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Rat Girl: A Memoir by Kristin Hersh
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Rat Girl: A Memoir (2010)

by Kristin Hersh

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Showing 1-5 of 31 (next | show all)
Kristin Hersh apologetically publishes her diary. It's been edited and helpfully divided in four seasons, if individual dates once separated entries they've been removed, making this read more like a novel than a journal. Her lyrics quoted alongside the text emphasize the highly personal (whatever she may say in the introduction) nature of her songs.

I love Throwing Muses. So glad I found them, even if it was in a backwards sort've way, listening to Belly first, and then The Breeders, before finding a copy of The Real Ramona at the SEVCA. Knowing the music helps a lot with my enjoyment of this book, but it reads better than many of the troubled youth memoirs that crowd bookshelves everywhere.

( )
  ManWithAnAgenda | Feb 18, 2019 |
There is no other voice like Kristin Hersch's- in music or written form. I loved this band since I first heard them in 1987 and reading this took me back to a time when weirdos hung together and being different was still threatening. I have always been curious about her lyrics and life so this was a treat.

Beautifully written and so different than anything I have ever read. ( )
  HardcoverHearts | Mar 24, 2018 |
Kristin Hersh's 'Paradoxical Undressing' made me laugh out loud and cry in public. In the same chapter — I mean that in a good way. I also love her music. ( )
  graffiti.living | Oct 22, 2017 |
‘Going away is my only real talent. Betty’s right: I’m a reluctant performer...not a performer at all. I need to go away so the song can play itself.’

Paradoxical Undressing is a memoir by Kristin Hersh, the lead singer and guitarist from Throwing Muses, based on a diary she kept at the age of eighteen. She was very bright as a teenager, forming a band at fourteen and going to university at fifteen. The book is about one year in her life, around the time her band started to become well-known and were offered a record deal, when she began to suffer from mental illness and was diagnosed with schizophrenia and then bipolar. It is about her life as a musician, her creativity and the way she experiences the world, and explores in a very personal and fascinating way the boundaries between mental illness and artistic talent.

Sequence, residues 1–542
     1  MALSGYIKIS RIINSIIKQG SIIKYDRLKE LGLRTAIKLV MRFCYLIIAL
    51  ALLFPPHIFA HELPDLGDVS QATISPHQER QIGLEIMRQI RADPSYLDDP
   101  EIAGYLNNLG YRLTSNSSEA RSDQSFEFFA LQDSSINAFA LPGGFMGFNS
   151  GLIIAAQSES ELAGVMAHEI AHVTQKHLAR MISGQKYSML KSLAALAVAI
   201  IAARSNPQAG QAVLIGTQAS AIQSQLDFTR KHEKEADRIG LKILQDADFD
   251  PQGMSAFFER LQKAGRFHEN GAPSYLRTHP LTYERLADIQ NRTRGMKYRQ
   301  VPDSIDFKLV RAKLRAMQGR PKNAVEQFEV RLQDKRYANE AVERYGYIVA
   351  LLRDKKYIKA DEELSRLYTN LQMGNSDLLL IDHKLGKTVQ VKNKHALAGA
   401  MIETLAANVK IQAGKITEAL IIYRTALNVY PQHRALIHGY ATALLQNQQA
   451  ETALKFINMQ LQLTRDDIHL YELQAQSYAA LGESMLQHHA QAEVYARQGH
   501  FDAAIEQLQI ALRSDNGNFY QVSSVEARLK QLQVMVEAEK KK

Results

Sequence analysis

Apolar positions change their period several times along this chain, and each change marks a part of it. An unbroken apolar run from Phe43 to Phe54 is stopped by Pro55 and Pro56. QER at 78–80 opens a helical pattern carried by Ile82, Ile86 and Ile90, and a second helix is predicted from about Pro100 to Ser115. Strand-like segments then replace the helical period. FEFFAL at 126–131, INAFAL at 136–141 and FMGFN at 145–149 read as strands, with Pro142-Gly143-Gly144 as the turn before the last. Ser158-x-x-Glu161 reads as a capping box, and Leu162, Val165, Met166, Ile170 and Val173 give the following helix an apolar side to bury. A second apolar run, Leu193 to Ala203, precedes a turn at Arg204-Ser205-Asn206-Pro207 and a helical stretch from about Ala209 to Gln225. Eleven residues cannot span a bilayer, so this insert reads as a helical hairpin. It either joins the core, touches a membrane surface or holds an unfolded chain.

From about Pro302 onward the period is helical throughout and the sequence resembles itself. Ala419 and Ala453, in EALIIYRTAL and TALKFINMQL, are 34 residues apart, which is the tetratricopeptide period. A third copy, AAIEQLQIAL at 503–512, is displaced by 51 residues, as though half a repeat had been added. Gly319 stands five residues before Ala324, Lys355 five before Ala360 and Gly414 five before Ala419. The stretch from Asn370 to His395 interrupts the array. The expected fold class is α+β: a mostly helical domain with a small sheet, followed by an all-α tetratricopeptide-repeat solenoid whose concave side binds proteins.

First, I have to tell you that this book is very funny. Despite what you may expect given the subject matter, it’s not miserable or self-pitying in any way; it’s above all an amusing read written in an idiosyncratic and passionate voice. From her time living in an empty apartment along with constantly arguing tribes of painters and musicians and a mysterious Animal none of them have ever seen, to an art therapy class full of hippies she attends at university, this book is full of entertaining scenes. Her observations and her turn of phrase really made me laugh.

It is also quite inspiring because, even as a teenager, Kristin Hersh was so dedicated to her work and sure of her own vision. I found it really interesting to read about how a shy person who already sometimes feels uncomfortable with others would choose to perform in such an emotional and intense way on stage. It seems as if, in Kristin Hersh’s case, the expression of the song itself is what matters to her, not that she (as a person) is communicating with the audience. If she manages to lose herself, the song is expressed through her, whether the audience is there or not.